Friday, December 21, 2012

Health Insurance Exchanges Come into Focus Amidst the Holiday Fog


The Affordable Care Act (ACA) provided for the creation of health insurance exchanges designed to allow consumers and small businesses to visit an online marketplace to compare and purchase insurance plans. Under the law, states can choose to operate their own exchange or, if they are unable or unwilling, a federal exchange will be available for patients to compare plans.

Following last week’s deadline for states to declare their intent to participate, the Obama Administration has now approved 11 state exchanges and one state/federal partnership exchange (Delaware). These exchanges are expected to be operational in time to enroll customers beginning in fall of 2013. Although states can choose to establish exchanges at a later date, it is unlikely they will be able to open in time to meet the January 2014 deadline—any states not meeting the deadline will be served by the federal exchange until their exchange is operational.


INTERACTIVE: For a great overview of which states are planning to participate in the exchanges, visit the Commonwealth Fund’s interactive exchange map.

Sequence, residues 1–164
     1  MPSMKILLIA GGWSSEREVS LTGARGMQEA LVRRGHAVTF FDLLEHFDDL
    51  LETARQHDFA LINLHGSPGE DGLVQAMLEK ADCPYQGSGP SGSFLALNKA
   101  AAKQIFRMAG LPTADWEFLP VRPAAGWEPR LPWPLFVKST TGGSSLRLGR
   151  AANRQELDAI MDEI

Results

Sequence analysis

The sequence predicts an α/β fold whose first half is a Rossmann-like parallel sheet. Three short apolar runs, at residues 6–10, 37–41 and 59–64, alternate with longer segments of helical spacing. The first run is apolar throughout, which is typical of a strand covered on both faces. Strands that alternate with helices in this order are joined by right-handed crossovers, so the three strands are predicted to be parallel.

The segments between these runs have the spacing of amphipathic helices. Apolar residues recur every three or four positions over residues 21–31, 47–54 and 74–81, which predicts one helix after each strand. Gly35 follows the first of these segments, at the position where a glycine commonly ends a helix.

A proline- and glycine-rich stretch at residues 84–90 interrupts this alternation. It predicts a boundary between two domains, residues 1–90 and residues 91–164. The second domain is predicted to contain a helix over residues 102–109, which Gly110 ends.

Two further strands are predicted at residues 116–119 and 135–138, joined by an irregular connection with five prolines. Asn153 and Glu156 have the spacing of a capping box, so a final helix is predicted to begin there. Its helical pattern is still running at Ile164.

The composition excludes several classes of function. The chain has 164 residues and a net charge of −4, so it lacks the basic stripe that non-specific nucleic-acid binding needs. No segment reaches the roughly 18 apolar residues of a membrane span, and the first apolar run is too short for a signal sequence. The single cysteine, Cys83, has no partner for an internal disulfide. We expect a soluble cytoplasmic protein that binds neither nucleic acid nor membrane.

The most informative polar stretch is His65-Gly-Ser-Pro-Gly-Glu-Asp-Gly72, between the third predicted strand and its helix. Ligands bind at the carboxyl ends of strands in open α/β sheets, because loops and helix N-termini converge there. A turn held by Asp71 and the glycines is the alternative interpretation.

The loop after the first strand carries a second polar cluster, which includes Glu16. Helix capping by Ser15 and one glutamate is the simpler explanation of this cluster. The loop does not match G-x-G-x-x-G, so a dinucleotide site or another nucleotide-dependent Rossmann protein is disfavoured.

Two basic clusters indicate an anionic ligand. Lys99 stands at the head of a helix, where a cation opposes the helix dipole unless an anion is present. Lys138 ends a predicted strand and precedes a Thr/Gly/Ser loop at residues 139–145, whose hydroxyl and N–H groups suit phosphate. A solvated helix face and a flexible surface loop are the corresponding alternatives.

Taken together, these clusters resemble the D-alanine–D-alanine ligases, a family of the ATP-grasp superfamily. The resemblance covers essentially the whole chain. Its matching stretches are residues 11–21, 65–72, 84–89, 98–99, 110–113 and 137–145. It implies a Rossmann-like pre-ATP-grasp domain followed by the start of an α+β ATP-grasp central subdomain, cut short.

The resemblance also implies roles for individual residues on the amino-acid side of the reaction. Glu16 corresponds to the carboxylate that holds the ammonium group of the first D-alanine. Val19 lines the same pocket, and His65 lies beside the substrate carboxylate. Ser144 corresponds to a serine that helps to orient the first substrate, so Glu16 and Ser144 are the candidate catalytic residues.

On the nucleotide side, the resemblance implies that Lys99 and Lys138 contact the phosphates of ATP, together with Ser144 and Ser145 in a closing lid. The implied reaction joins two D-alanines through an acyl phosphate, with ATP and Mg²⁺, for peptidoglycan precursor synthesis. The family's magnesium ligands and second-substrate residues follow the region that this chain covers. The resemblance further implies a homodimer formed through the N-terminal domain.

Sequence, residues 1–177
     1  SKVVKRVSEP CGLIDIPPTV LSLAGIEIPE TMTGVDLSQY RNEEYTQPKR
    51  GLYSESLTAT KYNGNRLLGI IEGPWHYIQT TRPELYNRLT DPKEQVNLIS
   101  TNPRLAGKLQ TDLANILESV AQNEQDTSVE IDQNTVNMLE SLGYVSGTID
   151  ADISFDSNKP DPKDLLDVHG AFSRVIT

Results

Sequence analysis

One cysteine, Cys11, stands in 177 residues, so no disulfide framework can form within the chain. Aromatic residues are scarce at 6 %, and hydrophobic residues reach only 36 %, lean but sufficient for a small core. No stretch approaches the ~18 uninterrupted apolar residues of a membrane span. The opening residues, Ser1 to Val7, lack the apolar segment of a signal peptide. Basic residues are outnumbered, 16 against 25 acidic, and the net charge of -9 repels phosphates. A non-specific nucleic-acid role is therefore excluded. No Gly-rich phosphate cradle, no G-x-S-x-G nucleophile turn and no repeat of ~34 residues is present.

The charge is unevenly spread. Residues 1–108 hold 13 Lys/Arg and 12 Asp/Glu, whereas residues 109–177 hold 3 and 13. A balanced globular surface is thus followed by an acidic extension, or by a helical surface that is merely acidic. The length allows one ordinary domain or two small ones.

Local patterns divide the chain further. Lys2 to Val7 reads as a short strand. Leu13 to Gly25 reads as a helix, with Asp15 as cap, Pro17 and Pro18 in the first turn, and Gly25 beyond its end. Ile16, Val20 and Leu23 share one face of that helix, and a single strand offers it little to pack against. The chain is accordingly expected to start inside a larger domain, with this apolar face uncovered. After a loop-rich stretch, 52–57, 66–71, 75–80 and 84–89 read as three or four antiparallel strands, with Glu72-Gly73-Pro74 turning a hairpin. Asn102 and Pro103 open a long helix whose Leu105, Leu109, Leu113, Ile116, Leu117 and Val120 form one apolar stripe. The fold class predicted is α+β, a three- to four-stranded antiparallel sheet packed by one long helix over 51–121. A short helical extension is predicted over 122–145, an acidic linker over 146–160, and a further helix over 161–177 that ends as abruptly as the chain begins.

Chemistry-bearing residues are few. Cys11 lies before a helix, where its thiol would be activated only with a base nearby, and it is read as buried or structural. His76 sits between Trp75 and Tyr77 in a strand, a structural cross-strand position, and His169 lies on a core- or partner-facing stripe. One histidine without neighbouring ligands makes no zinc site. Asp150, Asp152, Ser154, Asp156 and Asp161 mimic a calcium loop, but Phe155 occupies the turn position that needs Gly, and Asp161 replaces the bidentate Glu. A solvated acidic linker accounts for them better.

For health centers, patients with income levels between 133% and 400% FPL eligible to be insured via the exchanges will no doubt become a substantial portion of the new payer mix.  Fortunately, the ACA requires insurers participating in the exchanges to pay health centers their Medicaid PPS rate.  This should help health centers continue to provide the quality, comprehensive care for which they have come to be known.

Tuesday, December 18, 2012

Medicaid Update: CMS declares “all or nothing” opportunity, and other resources

By Joe McKelvey, Project Consultant

Last week, the Centers for Medicare and Medicaid Services (CMS) issued an extensive memo offering additional guidance on Medicaid, State Exchanges and additional ACA-related issues.  The memo indicated that CMS does not believe the ACA authorizes them to approve partial expansions.  As a result, the ACA Medicaid expansion is now an all or nothing proposition.